But we are getting ahead of ourselves. Just about the same time that relations between the Marinids and Almohads had deteriorated to open war in the Rif Mountains, (1212) the Almohads lost the Battle of Las Navas de Tolosa in Iberia, and their leader, Muhammad al-Nasir, returned to Marrakech where he died shortly afterwards. This was the turning point in the Christian reconquest of Iberia.

Immediately after the battle, the much weakened Christians rallied, and King Alfonso took Baeza and then Úbeda, major fortified cities near the battlefield and gateways to the invasion of Andalusia. According to the Latin Chronicle of Kings of Castile, when these two fortresses fell, 60,000 Muslims were killed and 100,000 more were taken into slavery, including women and children. Whilst the Almohads were facing internal conflicts, Alfonso and later kings of Castile and Aragon took advantage of their weakness, and Muslim controlled cities fell like dominoes. 

Alfonso VIII's grandson, Ferdinand III of Castile, took Córdoba in 1236, Jaén in 1246, and Seville in 1248. He went on to take Arcos, Medina-Sidonia, Jerez, and Cádiz. Meanwhile, James I of Aragon conquered the Balearic Islands over four years starting in 1228, and Valencia capitulated to him in 1238.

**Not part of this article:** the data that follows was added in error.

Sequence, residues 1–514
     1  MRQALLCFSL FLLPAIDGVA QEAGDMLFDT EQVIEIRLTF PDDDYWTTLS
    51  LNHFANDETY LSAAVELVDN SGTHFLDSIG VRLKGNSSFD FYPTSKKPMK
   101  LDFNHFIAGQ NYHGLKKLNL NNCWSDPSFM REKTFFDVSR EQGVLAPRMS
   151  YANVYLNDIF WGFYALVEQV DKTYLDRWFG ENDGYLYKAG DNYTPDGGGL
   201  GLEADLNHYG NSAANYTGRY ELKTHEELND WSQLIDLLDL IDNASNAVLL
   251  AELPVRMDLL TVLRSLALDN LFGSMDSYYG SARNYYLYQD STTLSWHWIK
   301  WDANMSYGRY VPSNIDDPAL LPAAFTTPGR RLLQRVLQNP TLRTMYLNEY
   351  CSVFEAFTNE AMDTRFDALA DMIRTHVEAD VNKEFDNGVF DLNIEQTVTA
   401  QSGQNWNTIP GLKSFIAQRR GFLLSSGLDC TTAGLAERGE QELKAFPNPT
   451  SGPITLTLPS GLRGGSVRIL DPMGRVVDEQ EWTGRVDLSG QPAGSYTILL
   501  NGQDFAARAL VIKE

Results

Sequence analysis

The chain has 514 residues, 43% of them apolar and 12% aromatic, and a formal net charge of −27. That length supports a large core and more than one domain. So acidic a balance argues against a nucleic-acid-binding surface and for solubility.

King Ferdinand III was undoubtedly the most successful of the Christian kings, and when he died in 1252 he left a united Castile and León, and his campaigns over 20 years gained more land from the Caliphates than any other. He left some of the captured taifas as Muslim vassal states, which eventually became absorbed into Castile. (Niebla in 1262, Murcia in 1264, Alicante in 1266). Even the powerful Caliphate of Granada was forced to pay tribute to Castile.

He gave parcels of the new lands to his dukes and knights, with the church also receiving a portion of the gains. He added to the University of Salamanca and erected the current Cathedral of Burgos as well as donating to the Benedictine monks and the Cistercians and Cluniacs, who had taken a major role in the Reconquest. In 1252, Ferdinand readied his fleet and army for invasion of the Almohad lands in Africa. But he died in Seville on 30 May 1252 during an outbreak of plague in southern Hispania. Only Ferdinand's death prevented the Castilians from taking the war to the Almohads.